NFL Winners and Losers: Mike Zimmer-Kirk Cousins era Vikings need a reboot after brutal loss

  • Oops!
    Something went wrong.
    Please try again later.
  • Oops!
    Something went wrong.
    Please try again later.
  • Oops!
    Something went wrong.
    Please try again later.
·11-min read
In this article:
  • Oops!
    Something went wrong.
    Please try again later.
  • Oops!
    Something went wrong.
    Please try again later.
  • Oops!
    Something went wrong.
    Please try again later.
  • Minnesota Vikings
    Minnesota Vikings
  • Kirk Cousins
    Kirk Cousins
    American football quarterback
  • Mike Zimmer
    Coach of American Football

Bill Parcells' famous line, which stated you are what your record says you are, isn't completely accurate. But sometimes there's truth within it. Maybe we should have known the Minnesota Vikings weren't very good. 

The Vikings were 5-6 coming into Sunday. They were under .500 but could hide behind a lot of close losses. It seemed like they were a team better than their record. Not any more. 

After Sunday, everyone with the Vikings should be in survival mode. Being 5-6 with a ton of close losses wasn't ideal but understandable. Being 5-7 with a last-play loss to the previously 0-10-1 Detroit Lions is a fiasco. The brutal defeat to the Lions on Sunday is the kind of loss that puts everyone on notice. 

The Vikings gave up a game-losing touchdown on the final play to lose 29-27. They somehow let Amon-Ra St. Brown sneak into the end zone uncovered. Why the Vikings were playing five yards deep in the end zone is hard to explain. St. Brown stopped at the goal line, caught a pass from Jared Goff and the Lions' celebration was on. It's not like the Vikings deserved to win. They fell behind 20-6. They took a late lead after the Lions didn't convert a fourth-and-1 in their own territory, but then allowed a long drive to a bad offense to lose it. It seemed like the type of loss that will linger into what will be a big offseason for the franchise.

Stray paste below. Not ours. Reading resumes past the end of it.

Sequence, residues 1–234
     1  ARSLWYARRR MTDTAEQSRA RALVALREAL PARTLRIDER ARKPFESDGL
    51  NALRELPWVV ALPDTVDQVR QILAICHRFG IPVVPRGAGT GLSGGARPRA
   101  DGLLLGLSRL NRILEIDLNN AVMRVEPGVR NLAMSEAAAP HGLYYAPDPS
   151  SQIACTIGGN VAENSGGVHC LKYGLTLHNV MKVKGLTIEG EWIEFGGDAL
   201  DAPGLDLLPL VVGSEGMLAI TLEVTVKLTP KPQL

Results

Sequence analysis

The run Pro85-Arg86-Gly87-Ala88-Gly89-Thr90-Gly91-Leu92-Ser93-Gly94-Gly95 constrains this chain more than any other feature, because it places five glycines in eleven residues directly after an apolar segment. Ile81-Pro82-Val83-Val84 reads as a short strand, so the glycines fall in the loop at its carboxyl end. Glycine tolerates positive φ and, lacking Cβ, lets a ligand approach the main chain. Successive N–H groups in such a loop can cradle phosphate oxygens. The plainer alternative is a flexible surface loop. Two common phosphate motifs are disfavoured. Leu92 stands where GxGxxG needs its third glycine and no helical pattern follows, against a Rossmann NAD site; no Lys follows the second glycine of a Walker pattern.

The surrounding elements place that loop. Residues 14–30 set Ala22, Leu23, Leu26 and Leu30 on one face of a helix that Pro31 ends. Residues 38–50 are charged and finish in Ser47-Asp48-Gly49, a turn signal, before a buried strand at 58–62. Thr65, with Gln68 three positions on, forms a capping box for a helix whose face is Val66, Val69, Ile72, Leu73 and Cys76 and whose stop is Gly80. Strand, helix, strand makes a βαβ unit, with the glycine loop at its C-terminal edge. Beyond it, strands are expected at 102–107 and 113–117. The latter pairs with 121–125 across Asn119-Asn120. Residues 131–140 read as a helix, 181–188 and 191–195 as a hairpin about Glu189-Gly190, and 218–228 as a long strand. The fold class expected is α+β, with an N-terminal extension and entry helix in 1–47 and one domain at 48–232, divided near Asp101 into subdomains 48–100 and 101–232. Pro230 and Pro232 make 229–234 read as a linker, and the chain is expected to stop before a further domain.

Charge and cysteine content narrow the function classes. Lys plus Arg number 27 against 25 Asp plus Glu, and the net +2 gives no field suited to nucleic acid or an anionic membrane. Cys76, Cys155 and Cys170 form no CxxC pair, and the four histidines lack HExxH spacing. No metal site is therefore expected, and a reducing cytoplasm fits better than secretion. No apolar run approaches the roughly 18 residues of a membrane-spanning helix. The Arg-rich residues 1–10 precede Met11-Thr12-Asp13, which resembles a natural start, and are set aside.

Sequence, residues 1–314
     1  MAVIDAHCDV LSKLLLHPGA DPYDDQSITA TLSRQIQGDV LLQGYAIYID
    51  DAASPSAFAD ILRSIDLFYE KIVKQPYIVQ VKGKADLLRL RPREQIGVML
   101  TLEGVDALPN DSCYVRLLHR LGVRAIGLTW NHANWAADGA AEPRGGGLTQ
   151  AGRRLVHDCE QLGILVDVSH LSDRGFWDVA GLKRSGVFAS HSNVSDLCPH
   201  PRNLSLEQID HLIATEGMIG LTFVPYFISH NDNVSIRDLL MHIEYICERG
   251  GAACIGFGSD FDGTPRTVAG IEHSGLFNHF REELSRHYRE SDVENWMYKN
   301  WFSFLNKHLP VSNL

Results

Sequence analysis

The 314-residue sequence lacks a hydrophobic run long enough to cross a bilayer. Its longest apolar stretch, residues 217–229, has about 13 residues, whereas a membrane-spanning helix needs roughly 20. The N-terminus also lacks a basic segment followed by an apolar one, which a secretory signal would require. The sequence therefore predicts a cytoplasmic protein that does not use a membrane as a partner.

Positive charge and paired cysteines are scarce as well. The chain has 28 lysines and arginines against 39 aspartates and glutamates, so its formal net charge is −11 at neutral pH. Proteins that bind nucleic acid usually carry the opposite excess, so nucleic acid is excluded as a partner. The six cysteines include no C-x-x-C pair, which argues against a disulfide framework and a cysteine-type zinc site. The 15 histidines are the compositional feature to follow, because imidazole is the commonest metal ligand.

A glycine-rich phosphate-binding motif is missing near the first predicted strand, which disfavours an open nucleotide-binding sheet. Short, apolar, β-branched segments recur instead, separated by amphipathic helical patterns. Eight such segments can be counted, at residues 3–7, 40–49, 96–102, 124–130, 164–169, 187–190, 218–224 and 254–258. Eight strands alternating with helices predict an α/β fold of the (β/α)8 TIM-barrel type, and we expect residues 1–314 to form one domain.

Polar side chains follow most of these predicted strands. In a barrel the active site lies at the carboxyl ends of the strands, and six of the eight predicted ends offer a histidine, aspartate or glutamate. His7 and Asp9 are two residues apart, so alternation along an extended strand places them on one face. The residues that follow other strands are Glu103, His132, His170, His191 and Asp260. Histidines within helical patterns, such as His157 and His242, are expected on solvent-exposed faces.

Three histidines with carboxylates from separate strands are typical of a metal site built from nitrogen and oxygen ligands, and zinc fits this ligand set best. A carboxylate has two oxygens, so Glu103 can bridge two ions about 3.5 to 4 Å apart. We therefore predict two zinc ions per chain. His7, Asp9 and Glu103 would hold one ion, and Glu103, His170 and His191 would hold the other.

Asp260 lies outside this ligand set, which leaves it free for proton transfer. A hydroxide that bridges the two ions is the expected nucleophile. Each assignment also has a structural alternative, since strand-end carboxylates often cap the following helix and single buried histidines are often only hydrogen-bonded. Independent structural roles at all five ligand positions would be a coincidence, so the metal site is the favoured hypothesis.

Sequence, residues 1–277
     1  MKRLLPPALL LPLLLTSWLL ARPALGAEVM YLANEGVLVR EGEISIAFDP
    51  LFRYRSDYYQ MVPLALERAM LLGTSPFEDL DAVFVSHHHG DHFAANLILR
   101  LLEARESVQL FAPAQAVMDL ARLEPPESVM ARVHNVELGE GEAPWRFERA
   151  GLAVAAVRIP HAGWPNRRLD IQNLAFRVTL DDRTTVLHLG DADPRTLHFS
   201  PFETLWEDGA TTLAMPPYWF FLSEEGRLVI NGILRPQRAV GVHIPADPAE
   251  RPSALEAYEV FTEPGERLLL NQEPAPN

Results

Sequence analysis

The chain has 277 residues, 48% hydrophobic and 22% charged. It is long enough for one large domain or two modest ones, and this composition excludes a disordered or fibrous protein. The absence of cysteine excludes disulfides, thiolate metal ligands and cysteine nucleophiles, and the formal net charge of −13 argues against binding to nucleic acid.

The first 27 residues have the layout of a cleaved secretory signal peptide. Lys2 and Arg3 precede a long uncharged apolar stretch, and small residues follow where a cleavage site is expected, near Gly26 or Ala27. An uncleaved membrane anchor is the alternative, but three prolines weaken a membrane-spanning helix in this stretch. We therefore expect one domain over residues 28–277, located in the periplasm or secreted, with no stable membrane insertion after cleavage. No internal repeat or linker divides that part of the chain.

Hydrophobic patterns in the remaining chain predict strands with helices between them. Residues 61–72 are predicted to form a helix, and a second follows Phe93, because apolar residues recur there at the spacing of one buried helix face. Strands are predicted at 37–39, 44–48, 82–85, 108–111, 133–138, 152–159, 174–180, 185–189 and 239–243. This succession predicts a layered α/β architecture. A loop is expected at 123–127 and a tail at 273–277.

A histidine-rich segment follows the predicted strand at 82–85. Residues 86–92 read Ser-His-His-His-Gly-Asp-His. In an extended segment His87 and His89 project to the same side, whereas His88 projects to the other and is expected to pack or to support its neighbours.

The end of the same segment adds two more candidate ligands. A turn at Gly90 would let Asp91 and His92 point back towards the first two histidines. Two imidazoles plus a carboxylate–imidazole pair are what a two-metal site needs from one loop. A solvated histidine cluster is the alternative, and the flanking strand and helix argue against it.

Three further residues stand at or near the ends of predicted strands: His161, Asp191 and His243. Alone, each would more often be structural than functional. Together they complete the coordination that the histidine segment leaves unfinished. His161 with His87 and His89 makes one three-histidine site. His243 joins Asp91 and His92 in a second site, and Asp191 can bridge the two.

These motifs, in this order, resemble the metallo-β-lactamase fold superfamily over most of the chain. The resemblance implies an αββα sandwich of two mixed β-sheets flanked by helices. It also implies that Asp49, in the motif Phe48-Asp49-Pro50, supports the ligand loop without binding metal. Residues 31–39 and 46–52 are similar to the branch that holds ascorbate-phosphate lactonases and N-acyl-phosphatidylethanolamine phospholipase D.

Coach Mike Zimmer, quarterback Kirk Cousins and general manager Rick Spielman will get the most heat. None of them are bad at their jobs. But the results haven't been what the Vikings ultimately want. Start with Zimmer, because it's hard to survive as an NFL head coach with two playoff wins and three playoff appearances in eight seasons. Perhaps the Vikings get a playoff win at the end of Zimmer's eighth season but that seems unlikely after Sunday. Zimmer is a good coach, but NFL teams aren't known for patience. 

Cousins also gets more criticism than he probably deserves, but his highly publicized fully-guaranteed contract (and subsequent extension) hasn't led to a ton of team success. Cousins' deal runs through 2022. The dead-cap hit for trading Cousins would be $10 million. That's a lot but not excessive for a team that could be looking to rebuild. 

It's possible all of the key Vikings return. It would be hard to find a better coach/GM combo than Zimmer and Spielman, and it's hard to find a quarterback period. Still, all options will have to be discussed. That's how damaging Sunday was. If the Vikings were 6-6 after a win over the Lions, it wouldn't be great but it also wouldn't feel like everyone in the building might get fired. The replay of that last touchdown, with St. Brown just waltzing over the goal line to catch a pass with little resistance, will be impossible to shake. Minnesota probably needs to rally to make the playoffs to wash away this loss, and that's not easy at 5-7. 

Sunday was bad before the last play. The Vikings defense was picked apart at times by Goff, who had been having an awful season. Detroit didn't even have its best offensive player, running back D'Andre Swift. Minnesota's offense didn't have Dalvin Cook, and Adam Thielen injured his ankle early, but Cousins didn't get a ton going against a thin Lions defense. Near the end of the first half, when the Vikings finally seemed to be getting something going, Cousins threw three straight incompletions and took a fourth-down sack. It was ugly all around.